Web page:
By Ed Royce

In The Orange County Register:


Right now, Americans are facing growing dangers at home and abroad because Islamist extremists have been given the space to plan, inspire and carry out terror attacks.

Deaths are mounting. Many of us are still struggling with pain and shock from the December terror rampage in San Bernardino that killed 14 – including a mother of six and a father of three.

Recent attacks in Belgium, Pakistan and Ivory Coast have further demonstrated the reach – and sheer brutality – of these terrorists. Innocent men, women and children have been murdered at airports, subway stations and public beaches. Christians were targeted on Easter Sunday in a neighborhood park in Lahore, Pakistan, specifically because of their faith. The depravity of ISIS and other terror groups knows no limits.

And the sad truth is that the U.S. still isn’t doing enough about it. While President Obama now says defeating ISIS is his top priority – two years after dismissing it as “the JV team” – the White House’s policies remain weak and ineffectual.

Take Iraq and Syria, for example. For years, the administration refused calls to use air power to take out ISIS convoys when they were moving across the open desert. Today, ISIS is embedded, and the U.S. is carrying out an average of just 23 airstrikes per day – a fraction of what a serious air campaign looks like.

Thousands of local Kurdish, Sunni and Yazidi forces are still fighting ISIS with antiquated weapons. These forces, many of which include women, have been driven from their homes and are highly motivated to take the fight to ISIS. Yet they do not have the support nor the tools they need. All the while, Obama administration efforts to combat ISIS recruitment and communications on the Internet remain disjointed, at best.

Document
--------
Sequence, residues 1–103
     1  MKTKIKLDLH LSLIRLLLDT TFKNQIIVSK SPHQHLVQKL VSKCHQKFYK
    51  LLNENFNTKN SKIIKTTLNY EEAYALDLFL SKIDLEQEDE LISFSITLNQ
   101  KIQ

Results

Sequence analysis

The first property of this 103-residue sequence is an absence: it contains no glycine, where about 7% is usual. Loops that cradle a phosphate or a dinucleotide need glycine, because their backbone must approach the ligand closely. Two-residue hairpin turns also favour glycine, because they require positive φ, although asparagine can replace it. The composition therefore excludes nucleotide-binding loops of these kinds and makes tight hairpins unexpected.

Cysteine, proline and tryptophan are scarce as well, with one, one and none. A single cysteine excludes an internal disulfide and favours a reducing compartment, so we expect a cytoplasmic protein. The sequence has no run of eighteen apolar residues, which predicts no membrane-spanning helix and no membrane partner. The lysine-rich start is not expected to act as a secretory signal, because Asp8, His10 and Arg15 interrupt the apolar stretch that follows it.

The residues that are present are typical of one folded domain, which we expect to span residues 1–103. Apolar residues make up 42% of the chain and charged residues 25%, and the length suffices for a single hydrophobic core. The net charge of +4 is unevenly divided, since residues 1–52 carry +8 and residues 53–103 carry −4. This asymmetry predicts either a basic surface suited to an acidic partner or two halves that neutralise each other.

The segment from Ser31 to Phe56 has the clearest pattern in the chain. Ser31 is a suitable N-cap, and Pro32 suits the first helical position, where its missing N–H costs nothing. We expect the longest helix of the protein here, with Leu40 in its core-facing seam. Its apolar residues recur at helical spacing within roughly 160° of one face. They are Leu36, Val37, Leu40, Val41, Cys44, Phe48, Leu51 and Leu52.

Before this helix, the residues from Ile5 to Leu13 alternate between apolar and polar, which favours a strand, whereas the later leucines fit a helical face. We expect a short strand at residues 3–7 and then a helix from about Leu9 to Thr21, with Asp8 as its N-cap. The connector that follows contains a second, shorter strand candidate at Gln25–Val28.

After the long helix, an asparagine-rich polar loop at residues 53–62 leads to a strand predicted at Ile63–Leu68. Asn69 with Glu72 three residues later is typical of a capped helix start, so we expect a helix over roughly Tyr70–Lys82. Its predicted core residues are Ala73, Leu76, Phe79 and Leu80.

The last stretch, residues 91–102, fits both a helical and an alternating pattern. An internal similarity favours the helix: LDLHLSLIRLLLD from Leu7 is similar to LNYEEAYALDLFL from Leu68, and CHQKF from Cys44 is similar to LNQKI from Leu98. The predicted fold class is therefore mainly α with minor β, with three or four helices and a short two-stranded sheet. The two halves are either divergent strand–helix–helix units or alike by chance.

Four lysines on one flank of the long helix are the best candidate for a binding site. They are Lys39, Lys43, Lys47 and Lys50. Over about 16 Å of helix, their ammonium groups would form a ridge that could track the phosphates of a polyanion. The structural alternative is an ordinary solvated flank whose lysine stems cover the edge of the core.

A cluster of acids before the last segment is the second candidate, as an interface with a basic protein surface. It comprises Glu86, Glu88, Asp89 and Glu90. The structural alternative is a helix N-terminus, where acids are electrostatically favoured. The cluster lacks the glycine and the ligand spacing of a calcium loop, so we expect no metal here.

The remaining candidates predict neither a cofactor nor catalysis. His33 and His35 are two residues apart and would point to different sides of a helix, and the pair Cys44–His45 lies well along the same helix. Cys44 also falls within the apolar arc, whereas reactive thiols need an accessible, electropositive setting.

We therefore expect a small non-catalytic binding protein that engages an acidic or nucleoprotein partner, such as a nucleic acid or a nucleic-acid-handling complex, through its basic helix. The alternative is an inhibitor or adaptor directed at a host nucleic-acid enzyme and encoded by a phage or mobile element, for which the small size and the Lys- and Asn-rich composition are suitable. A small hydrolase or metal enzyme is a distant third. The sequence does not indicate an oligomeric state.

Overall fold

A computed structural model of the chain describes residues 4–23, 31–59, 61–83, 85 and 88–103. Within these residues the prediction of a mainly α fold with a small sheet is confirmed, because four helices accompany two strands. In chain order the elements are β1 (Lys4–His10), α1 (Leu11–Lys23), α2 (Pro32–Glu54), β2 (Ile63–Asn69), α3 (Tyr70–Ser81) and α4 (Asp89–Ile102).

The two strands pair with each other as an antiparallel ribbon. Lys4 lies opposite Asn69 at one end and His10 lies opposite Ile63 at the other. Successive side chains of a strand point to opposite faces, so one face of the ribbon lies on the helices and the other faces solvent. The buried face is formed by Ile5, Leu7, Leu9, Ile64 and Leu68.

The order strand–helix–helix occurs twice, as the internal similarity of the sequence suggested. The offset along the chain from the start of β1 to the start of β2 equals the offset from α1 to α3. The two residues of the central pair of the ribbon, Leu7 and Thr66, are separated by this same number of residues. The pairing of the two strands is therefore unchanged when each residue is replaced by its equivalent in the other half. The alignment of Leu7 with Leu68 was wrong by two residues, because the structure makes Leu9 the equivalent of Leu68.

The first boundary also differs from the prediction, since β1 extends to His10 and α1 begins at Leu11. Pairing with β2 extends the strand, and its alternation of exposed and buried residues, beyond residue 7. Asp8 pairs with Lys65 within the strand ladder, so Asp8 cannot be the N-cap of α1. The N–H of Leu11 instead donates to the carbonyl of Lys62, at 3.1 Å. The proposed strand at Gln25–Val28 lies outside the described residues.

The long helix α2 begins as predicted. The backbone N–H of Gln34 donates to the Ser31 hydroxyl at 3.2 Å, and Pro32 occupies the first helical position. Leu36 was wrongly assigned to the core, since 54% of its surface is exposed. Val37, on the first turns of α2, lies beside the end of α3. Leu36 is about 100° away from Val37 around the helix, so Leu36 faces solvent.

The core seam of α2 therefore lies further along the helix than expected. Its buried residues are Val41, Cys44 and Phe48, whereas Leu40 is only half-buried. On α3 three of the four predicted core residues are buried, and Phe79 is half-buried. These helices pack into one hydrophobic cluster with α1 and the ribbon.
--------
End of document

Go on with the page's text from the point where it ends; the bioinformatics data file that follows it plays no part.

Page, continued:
If we’re going to truly defeat and destroy ISIS, we need a comprehensive plan to combat these terrorists. Unfortunately, the president’s strategy – which he finally put forward after months of delay – offers nothing new. It’s seven pages of the same old policies that aren’t working.

As chairman of the House Foreign Affairs Committee, I’m committed to working with members of both parties to outline real alternatives to keep America safe. And in many cases, we’ve been able to reach bipartisan consensus.

In December, we passed legislation – which is now law – to help strengthen our Visa Waiver program and ensure that foreign fighters who’ve traveled to Syria and Iraq do not have easy access to the U.S. And recently, I successfully pressed the administration to apply extra scrutiny to individuals traveling to and from Libya. This is especially critical given that an estimated 5,000 Europeans have traveled to fight on the front lines with ISIS in recent years.

We’ve also passed legislation to require the administration to step up efforts to combat ISIS’ use of social media, declare ISIS atrocities against Christians and other religious minorities genocide, and – just last week – we passed common-sense legislation to help improve border security by establishing minimum standards for foreign countries at airports and other points of entry.

Of course, we still have much more work to do. Especially as we are facing an enemy that is technologically sophisticated and always evolving. So I’m advocating for strong policies that give our pilots and special forces already on the ground the flexibility they need to ensure terrorists have no sanctuary. I’m also continuing to press the administration to get desperately needed weapons in the hands of the forces in Iraq and Syria – including the Kurds and Sunni tribes – that have been most effective in fighting ISIS, and step up training of African forces.

Ultimately, however, it is the president who must lead the fight to defeat and destroy ISIS. President Obama is the commander in chief. Instead of offering up tired half-measures, he ought to be working with Congress on a new approach.

Rep. Ed Royce, R-Fullerton, is chairman of the House Foreign Affairs Committee.


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